FaceLift (A Single Image) —
I don’t normally post “up to the minute” entries, but what the heck. Today, Facebook announced it was changing up, completely, how you interact with Facebook, including a whole range of profile adjustments, retrieval of random items from the past, and a whole new range of “partners” who will be shoving items into Facebook (and, ostensibly, taking a lot more customer data out). One such partner is the social media weblog Mashable, which wrote a jaw-to-floor lauding of the new Facebook as changing the face of social media. It’s something when such craven, transparent logrolling is considered standard operating procedure.
I have no interest in writing more than I did in FaceFacts, except that I was browsing the Facebook weblog and saw this single, enlightening snapshot of conversation below it:
Kaitlin works the registers at a Legoland. Jonathan is director of business development at a spanish-language “hot deals” site that has an application on Facebook that gives you the latest bargains and fills your timeline with offers throughout the day.
Kaitlin is unhappy. Jonathan is delighted. Kaitlin feels unease and discontent at what is happening. Jonathan tells her to change or die.
I suppose I could go on, but it would be redundant.
Enjoy your future.
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Not my future. It’s just the one I’m going to be stuck living in.
I would have thought that the infestation of your privacy by this reverse Orwellian nightmare would be enough to scare people off FarceBook. But it wasn’t.
It appears a UI / Functionality change might be the first critical hit on this abomination.
Here’s hoping, at least.
Jonathan also appears to be high as balls.
“Change is not change. There’s, like, no such thing as the ‘present’, man. Have you ever *really* looked at your News Feed?”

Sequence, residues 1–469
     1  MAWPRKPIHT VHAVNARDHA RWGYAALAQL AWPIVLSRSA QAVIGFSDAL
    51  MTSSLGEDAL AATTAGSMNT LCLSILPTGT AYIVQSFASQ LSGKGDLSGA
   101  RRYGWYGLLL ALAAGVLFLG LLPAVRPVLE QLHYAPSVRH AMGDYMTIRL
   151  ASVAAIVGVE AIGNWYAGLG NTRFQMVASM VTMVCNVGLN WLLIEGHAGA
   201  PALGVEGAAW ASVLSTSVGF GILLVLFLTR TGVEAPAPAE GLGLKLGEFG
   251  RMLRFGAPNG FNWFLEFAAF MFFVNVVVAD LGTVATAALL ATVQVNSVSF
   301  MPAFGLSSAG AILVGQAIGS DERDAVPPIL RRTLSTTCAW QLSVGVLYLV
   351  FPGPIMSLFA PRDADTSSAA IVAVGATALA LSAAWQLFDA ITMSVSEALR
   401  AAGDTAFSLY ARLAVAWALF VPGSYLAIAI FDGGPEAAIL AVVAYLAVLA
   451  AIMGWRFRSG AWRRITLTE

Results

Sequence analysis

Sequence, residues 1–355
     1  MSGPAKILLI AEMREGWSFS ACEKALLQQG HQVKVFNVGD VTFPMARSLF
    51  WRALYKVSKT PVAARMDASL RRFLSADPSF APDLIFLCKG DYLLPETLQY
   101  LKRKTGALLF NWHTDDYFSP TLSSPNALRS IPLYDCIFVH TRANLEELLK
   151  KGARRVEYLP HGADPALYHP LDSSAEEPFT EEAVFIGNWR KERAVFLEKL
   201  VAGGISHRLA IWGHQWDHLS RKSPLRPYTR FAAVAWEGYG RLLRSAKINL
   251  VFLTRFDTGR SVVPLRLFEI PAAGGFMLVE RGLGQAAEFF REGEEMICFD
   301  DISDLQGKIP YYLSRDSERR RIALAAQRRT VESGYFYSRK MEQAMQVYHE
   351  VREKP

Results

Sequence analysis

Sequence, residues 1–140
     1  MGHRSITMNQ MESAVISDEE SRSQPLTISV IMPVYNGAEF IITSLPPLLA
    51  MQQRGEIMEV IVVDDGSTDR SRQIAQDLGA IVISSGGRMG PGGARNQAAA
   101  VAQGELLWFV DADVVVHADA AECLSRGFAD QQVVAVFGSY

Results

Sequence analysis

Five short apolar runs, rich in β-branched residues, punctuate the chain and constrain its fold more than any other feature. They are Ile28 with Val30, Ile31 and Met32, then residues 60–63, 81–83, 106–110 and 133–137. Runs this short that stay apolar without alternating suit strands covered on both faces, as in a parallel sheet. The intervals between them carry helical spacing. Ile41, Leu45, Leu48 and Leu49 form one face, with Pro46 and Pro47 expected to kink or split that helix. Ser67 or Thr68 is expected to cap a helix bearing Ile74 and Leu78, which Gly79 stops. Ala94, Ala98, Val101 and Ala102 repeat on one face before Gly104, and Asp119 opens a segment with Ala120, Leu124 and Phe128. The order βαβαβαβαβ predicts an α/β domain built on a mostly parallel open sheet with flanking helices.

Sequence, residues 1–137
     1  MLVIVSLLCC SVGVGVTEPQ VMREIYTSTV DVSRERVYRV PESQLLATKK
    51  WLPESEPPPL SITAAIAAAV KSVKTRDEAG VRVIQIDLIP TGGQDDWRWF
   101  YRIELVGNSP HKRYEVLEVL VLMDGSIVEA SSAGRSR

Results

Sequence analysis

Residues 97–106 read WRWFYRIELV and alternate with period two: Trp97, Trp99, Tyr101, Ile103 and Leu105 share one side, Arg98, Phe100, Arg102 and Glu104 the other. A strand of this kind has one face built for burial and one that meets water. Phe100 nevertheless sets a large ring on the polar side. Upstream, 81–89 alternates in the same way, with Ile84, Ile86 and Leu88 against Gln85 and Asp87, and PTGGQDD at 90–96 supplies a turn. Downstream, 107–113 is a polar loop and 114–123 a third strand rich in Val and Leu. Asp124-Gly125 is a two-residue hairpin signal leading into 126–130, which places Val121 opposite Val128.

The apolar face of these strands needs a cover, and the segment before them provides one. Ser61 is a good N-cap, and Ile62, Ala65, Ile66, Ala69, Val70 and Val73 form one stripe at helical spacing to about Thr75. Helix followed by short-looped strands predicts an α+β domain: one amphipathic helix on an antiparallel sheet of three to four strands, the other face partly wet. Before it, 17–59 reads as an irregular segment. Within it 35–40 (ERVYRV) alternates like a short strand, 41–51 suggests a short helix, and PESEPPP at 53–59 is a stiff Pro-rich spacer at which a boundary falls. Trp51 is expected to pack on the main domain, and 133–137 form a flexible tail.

(Your post in May was the last straw in convincing me to cancel my FB account, btw. Don’t think I ever said thanks for that.)
[…] Scott found a Facebook exchange that neatly encapsulates the pros and cons of the latest round of changes to the way Facebook […]
While it’s obvious that continuously changing web sites, operating systems, browsers and so on challenge (ok, let’s be honest: annoy) casual users more than power users, I can’t get one thought about this out of my head: A few years ago, on Usenet, basically everyone was treated not-too-nicely. New users were told what was expected in the ecosystem, in no uncertain terms. Often, you read how badly other newbies that made a mistake were treated.
But, at least in the German part of usenet, this worked — discussions were helpful, users were technically savvy (knowing obscure things about character encodings for Umlauts, broken Euro signs and so on) and no one broke the system (much). I feel that, while unpleasant, sometimes people need such pushes as Jonathan delivers here, to be forced to learn, adapt and continue as more informed users. I am grateful, in a strange way, to people who told me or other new users to “shut the door on your way out (of this newsgroup)”, because that was a harsh, but rapid and effective way to learn.
And no, that’s no good thing per se, but computers will never be usable without some thinking and adaption, so I fear there will always be a need for some pushing.
Honestly I hate the new web-social thing and even more the irreversible-no-optout-for-user changes that come with it. What’s this thing about my “most important” updates showing up first on FB? How the hell do they know what I find most important? It’s pure bullshit to not make users think but rather deceive them into thinking FB has any fucking idea what’s most important.
I think for me, even worse than the fear of the “cloud” going down and everyone losing all their data is this constant change that is occurring. It doesn’t just happen in online services but also on browsers. Both Chrome and Firefox have now changed things with NO OPTION to go back to older features, and if one doesn’t update one loses the newer html/css/js features and improvements. The same thing happens of Facebook, various Google sites and probably every other site.
Tying in with the above is the way everything is becoming homogenised in the sense that shows, bands, movies and other people are all moving their main site to Facebook or other services, locking us all in. And we all have to use real names of course (WHY NOT RIGHT?) Whatever happened to the old web? The sense of community is diminishing, something is way less personal or whatever word suits best. Couple that with every APP in the world going ‘web’ and Chrome releasing netbooks with no local storage, Sirs, it’s a big 2.0 clusterfuck. The way everything feels like it’s moving towards a milked down monetized distribution system for the big guys is pissing me off.
Just another round of people happy for any excuse to sell crap to other people sick of being sold to.
Speaking as a dialup BBS and Usenet veteran in my mid 40s, I just never had any desire to “get on” Facebook, or any of it’s competitors/predecessors. Maybe I’m just too old now ..